Classic Film Review – Journey to the Center of the Earth (1959)

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Brenda Fellman

Journey to the Center of the Earth is a fantasy adventure film. The film stats when Edinburgh university professor Sir Oliver Lindenbrook believes he has found a very old message from a long-lost scientist. The message says that the scientist may have found the way to the center of the Earth. With his assistant, student Alec McKuen, he sets off for Iceland where the entrance is said to be found in a volcanic mountain. They are soon joined by Carla Goetabaug, whose scientist-husband was recently murdered along with Icelander Hans Belker and his duck Gertrude. The group then proceed to descend into the bowels of the Earth. There they will find bizarre creatures, striking plants, the lost city of Atlantis and a rival who wants to keep knowledge of this underworld to himself.

This film is based on Jules Verne book of the same name. There are no hidden agendas here nor are there any cynical social commentaries. Journey to the Center of the Earth is pure fantastical entertainment that follows the group into the wondrous unknown. Though, the film’s writers did take some liberties as the character Carla Goteborg was not in the book. They also changed the leads from German to Scottish and Swedish to Icelandic as it was only 14 years after WW2 and must of the world would not have excepted a Germen hero at that time.

It’s method of storytelling gives us a clear sense of dignified life above which is more tuned down and less fantastical, but the minute they get into the cave the world comes to life with amazing caverns, caves, crystals, prehistoric lizards, an underground ocean, surprising sand pits, mushroom forest and the lost city of Atlantis.

Most of the characters are indeed merely serviceable, but the most important ones are well-drawn and well-acted. James Mason is amazing as the irritable Edinburgh University scientist whose devotion to his quest never overshadows his obligation to social proprieties. Pat Boone is not especially believable as the supposedly Scottish young lead, but he is appealing and lively enough that he passes. Additionally, he gets to sing a bit in this film, so all his talents are used. Thayer David is dastardly good as the villain, if not just a tad overboard. Arlene Dahl’s strong personality makes an uplifting change from the usual submissive, bubble-headed blonde seen in films of this era. Peter Ronson is great as the Icelandic guide/muscle and he is great while acting closely with Gertrud the duck (his constant companion throughout the film). Let’s not forget the Gertrud who is adorable.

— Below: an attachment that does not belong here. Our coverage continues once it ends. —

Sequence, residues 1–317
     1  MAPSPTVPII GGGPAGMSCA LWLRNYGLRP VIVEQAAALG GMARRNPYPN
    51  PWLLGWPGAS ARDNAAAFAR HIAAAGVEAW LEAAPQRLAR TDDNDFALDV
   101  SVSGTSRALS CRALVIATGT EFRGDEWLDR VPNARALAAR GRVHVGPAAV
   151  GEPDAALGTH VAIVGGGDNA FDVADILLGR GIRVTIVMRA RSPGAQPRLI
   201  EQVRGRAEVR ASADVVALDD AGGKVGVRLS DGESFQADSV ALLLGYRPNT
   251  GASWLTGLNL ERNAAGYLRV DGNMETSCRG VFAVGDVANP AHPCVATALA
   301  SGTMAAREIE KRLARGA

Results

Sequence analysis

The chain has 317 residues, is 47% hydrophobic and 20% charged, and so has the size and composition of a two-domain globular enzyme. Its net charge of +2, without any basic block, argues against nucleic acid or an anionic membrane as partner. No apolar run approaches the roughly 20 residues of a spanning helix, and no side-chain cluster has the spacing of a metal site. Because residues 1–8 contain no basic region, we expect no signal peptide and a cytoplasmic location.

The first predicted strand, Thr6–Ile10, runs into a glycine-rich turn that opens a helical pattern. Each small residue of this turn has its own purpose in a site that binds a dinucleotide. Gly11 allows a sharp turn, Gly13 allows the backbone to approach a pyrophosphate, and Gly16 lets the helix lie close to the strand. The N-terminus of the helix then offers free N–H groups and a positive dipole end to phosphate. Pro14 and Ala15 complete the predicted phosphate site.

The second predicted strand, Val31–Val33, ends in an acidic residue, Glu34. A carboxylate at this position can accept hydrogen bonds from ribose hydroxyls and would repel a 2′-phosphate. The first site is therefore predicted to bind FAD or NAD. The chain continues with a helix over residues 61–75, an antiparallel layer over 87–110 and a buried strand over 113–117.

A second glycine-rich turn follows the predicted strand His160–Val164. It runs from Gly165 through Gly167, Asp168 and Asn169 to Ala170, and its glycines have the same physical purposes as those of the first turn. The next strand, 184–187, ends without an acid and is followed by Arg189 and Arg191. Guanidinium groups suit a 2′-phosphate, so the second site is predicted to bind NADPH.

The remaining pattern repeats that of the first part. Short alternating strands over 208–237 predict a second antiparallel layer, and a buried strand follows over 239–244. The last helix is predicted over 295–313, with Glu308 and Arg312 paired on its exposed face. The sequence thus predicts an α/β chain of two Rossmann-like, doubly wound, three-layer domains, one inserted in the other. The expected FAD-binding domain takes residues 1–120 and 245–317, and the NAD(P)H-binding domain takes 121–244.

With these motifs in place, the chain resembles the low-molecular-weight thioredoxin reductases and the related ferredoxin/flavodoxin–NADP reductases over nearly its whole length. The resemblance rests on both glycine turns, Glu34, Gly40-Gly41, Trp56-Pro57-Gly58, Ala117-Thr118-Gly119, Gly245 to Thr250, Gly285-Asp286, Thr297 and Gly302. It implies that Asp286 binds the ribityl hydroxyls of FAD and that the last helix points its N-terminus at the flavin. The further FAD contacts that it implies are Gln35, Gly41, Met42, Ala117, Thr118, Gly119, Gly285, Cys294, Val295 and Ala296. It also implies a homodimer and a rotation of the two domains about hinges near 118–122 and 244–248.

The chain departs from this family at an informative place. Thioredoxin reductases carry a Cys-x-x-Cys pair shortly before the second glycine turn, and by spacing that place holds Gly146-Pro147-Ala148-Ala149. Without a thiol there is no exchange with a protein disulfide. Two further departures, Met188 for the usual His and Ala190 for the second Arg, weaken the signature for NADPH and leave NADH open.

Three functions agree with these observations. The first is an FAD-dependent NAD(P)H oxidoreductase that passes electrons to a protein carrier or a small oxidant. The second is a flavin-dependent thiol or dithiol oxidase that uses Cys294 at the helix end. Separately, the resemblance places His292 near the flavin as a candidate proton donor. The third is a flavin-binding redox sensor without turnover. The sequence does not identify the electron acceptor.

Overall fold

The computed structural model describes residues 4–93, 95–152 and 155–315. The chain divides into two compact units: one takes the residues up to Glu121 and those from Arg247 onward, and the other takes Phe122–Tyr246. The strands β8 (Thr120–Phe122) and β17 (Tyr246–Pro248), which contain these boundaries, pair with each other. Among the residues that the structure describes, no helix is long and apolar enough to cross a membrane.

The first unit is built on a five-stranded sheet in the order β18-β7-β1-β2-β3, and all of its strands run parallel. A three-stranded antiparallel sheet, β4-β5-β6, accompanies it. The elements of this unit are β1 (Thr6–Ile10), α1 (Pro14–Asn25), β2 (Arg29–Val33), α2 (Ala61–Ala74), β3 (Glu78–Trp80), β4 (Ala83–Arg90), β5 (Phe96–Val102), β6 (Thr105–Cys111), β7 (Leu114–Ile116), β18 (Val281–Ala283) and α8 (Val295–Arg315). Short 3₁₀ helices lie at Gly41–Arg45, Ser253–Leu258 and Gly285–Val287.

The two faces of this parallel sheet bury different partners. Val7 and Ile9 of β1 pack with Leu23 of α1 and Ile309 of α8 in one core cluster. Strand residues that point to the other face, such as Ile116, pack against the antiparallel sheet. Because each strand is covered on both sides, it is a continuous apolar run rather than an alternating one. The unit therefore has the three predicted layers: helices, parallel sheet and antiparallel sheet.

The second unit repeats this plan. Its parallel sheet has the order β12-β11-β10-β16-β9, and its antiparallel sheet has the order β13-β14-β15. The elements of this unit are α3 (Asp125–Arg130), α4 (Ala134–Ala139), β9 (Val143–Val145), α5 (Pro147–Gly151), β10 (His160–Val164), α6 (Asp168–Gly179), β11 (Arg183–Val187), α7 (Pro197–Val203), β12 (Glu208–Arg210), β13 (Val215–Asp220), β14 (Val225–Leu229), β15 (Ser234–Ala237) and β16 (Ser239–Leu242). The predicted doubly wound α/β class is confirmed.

It was lovely to see that the two main romantic leads are middle aged (something that was rarely done back then) and wonderful to watch a “mature” woman like Dahl being sexy and interesting. When she and James Mason get together in the end it feels real like they really did fall in love over the many month they spent underground. It should be mentioned that the love between the young couple isn’t done well. Its not badly acted though. In my opinion, it’s just that the couple isn’t on screen together expect a for a few scenes at the start and end of the film.

The sets, the sound, and the special effects were all nominated for academy awards. The fact is that the sets are amazingly well made and are better than many films made today. Its astounding to see that they managed to accomplish what they did without the safety net that CGI gives modern films. The special effects are out-dated, especially with the film’s monsters. The creatures are depicted in that old-fashioned technique of sticking a fin to a lizard and enlarging them. The monsters also pose little threat and sadly are given little screen time, though their appearance makes way for one of the most shocking moments in the film. The way the film portrayed the lave was inventive as they used porridge. Bernard Herrmann’s score is striking and perfectly captures the wonderful spirit of the adventure.

The start of the film is a little slow, but it helps the fleshing out of the characters and locations that the start of the film is still enjoyable. As the world underground opens it becomes a feast for the eyes as the scenery is beautiful. In all the movie is an enjoyable trip from start to finish.

Journey to the Center of the Earth – Cast

James Mason – Sir Oliver S. Lindenbrook
Pat Boone – Alec McEwan
Arlene Dahl – Carla Goteborg
Peter Ronson – Hans Belker
Thayer David – Count Saknussemm
Diane Baker – Jenny Lindenbrook
Gertrude the Duck – Gertrude + her stand ins (uncredited)

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Classic Film Review ̵…

by Brenda Fellman time to read: 3 min
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